But, but, but!

I am not DOING anything.

Things I ended up doing on my break:

  • Hosting 3 different sets of houseguests
  • finishing Christmas gifts
  • Helping plan a house remodel
  • Keeping an eye on remodelling people
  • Reading books I’ve been meaning to read (including assigned book club books)
  • finishing setting a new yarn
  • frogging a project and then reknitting the yarn into something I actually liked
  • cleaning out my clutter

All these good things. And probably mainly made possible (without insanity) by my “break”.

Who knew vacations were a skill to develop? I am going to know better for next year.

Or maybe for this summer. I sucked at this break so much I may have to do another one before I forget the lessons I needed to learn.



Top 3 K-Dramas to Watch as an SF/F Writer

Today I’ve got a video for you!

Just for fun, I’ve made my case for my 3 top Korean dramas that I think are most interesting to speculative fiction writers (sci-fi/fantasy). Not only can I unreservedly recommend them to anyone, each has a specific nerd appeal. 😉

Bonus Blog Content! Unlocked:

Queen In-Hyun’s Man

Note the Joseon hat he's carrying over his pack. This is a detail that made me go watch the show.
Note the Joseon hat he’s carrying over his pack. This is a detail that made me go watch the show.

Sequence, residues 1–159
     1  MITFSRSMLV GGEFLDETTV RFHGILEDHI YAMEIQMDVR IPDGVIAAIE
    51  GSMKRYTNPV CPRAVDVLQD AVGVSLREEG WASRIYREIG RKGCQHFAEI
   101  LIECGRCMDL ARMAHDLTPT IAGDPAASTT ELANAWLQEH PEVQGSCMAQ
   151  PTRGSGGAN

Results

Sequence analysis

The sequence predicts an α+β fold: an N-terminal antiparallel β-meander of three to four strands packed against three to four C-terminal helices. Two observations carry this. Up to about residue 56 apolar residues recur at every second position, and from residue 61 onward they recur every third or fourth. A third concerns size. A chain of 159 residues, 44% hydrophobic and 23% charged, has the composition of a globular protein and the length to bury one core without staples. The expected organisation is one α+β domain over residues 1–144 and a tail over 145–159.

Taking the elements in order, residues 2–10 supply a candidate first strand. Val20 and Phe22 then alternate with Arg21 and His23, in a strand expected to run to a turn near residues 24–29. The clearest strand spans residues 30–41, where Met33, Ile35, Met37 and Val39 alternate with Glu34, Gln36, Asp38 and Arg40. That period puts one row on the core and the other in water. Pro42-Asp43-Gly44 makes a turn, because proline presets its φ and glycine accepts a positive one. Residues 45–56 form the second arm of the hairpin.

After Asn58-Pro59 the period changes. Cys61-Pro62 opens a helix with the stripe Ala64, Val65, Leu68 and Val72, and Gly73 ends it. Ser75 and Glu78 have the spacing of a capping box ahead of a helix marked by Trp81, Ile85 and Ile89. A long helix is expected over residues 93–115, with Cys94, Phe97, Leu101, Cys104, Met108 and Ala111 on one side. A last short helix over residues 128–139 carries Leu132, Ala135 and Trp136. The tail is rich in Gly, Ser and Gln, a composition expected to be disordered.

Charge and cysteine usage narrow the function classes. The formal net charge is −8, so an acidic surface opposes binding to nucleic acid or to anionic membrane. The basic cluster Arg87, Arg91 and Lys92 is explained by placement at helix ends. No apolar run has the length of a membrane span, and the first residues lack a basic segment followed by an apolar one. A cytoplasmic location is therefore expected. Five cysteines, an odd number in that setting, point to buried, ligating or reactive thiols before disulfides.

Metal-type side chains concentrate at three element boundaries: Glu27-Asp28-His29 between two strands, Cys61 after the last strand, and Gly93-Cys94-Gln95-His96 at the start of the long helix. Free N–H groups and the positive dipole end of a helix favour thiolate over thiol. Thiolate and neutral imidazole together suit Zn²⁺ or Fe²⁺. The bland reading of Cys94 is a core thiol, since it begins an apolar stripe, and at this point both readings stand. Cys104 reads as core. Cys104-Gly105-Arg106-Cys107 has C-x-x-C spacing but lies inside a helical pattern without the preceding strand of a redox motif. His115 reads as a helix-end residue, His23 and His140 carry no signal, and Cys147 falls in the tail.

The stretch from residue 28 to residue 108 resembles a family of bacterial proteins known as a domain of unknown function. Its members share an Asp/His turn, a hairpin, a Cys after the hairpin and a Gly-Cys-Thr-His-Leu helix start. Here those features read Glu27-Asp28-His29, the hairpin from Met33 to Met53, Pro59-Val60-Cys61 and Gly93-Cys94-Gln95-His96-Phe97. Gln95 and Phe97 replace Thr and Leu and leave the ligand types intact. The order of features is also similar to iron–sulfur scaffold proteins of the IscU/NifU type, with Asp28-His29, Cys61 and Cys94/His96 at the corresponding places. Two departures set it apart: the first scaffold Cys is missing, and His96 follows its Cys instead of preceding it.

Recap: Well-thought out time-travel rom com.

As I mention in the video, this show lets it’s scholarly hero BE smart in practice. He uses deductive reasoning and picks up quickly on things.

I didn’t have time to mention the leading lady, so I’ll do that here: she’s great. She’s a B-rate actress finally landing a big role. She’s not booksmart, and the show lets her be that way without taking away her deserving love, or having agency. She’s a really unusual heroine in a world populated by super-achievers. Also, they are super-cute together.

Arang and the Magistrate

This poster pretty much encapsulates everyone's personalities perfectly.
This poster pretty much encapsulates everyone’s personalities perfectly.

Recap: Ghost-girl seeks her murderer, with the reluctant help of the new Magistrate in town, and a hapless shaman.

One of the facets of this show I didn’t get to really go into on video was that it has an EXCELLENT baddie. It would be spoiler-ish to say too much, but it involves a creepy magic that is so organic with the meeting of the world of the dead and the world of the Heavenly Court we see that I just was in awe, as a fantasy writer.

While some of the tone is often hijinks-y and cute, it also goes to darker places emotionally–after all, confronting that you are dead and that someone did that to you is pretty intense.

Sungkyunkwan Scandal

You eventually get used to the hats. They even become adorable plotpoints!

Recap: Scholars preparing to become government officials get hot under the collar about human rights.

One of the biggest charms of this show was its friendships. Before any romantic tension comes into the equation, the debate between scholars, some of whom have a ground-level perspective on the injustices of the class system, is just so fun.

The fact that it happens all in the context of Confucian teachings made the time period really come alive to me in a unique way, too. I love that it’s a school drama set centuries in the past. Also, the gorgeous sets are just incredible.